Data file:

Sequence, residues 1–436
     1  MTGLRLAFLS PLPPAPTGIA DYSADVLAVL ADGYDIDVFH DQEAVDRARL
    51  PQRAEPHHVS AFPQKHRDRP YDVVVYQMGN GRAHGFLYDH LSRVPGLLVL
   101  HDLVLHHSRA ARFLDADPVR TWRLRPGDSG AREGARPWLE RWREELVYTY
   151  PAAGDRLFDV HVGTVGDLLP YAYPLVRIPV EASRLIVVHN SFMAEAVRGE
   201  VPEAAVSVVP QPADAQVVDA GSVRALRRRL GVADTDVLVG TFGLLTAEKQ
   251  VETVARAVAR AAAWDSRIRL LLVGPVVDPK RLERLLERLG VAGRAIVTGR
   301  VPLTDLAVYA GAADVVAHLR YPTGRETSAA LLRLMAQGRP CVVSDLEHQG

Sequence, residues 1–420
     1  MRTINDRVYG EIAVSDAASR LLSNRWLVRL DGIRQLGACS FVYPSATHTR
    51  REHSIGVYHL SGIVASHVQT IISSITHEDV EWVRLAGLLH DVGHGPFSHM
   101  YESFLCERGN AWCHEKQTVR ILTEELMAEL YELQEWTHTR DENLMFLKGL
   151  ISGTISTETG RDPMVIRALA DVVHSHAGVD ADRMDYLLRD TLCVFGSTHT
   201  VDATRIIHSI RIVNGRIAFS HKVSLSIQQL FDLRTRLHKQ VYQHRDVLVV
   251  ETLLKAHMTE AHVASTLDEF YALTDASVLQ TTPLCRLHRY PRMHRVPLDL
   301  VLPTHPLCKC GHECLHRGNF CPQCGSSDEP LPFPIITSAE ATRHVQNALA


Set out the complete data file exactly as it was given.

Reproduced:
Sequence, residues 1–436
     1  MTGLRLAFLS PLPPAPTGIA DYSADVLAVL ADGYDIDVFH DQEAVDRARL
    51  PQRAEPHHVS AFPQKHRDRP YDVVVYQMGN GRAHGFLYDH LSRVPGLLVL
   101  HDLVLHHSRA ARFLDADPVR TWRLRPGDSG AREGARPWLE RWREELVYTY
   151  PAAGDRLFDV HVGTVGDLLP YAYPLVRIPV EASRLIVVHN SFMAEAVRGE
   201  VPEAAVSVVP QPADAQVVDA GSVRALRRRL GVADTDVLVG TFGLLTAEKQ
   251  VETVARAVAR AAAWDSRIRL LLVGPVVDPK RLERLLERLG VAGRAIVTGR
   301  VPLTDLAVYA GAADVVAHLR YPTGRETSAA LLRLMAQGRP CVVSDLEHQG

Sequence, residues 1–420
     1  MRTINDRVYG EIAVSDAASR LLSNRWLVRL DGIRQLGACS FVYPSATHTR
    51  REHSIGVYHL SGIVASHVQT IISSITHEDV EWVRLAGLLH DVGHGPFSHM
   101  YESFLCERGN AWCHEKQTVR ILTEELMAEL YELQEWTHTR DENLMFLKGL
   151  ISGTISTETG RDPMVIRALA DVVHSHAGVD ADRMDYLLRD TLCVFGSTHT
   201  VDATRIIHSI RIVNGRIAFS HKVSLSIQQL FDLRTRLHKQ VYQHRDVLVV
   251  ETLLKAHMTE AHVASTLDEF YALTDASVLQ TTPLCRLHRY PRMHRVPLDL
   301  VLPTHPLCKC GHECLHRGNF CPQCGSSDEP LPFPIITSAE ATRHVQNALA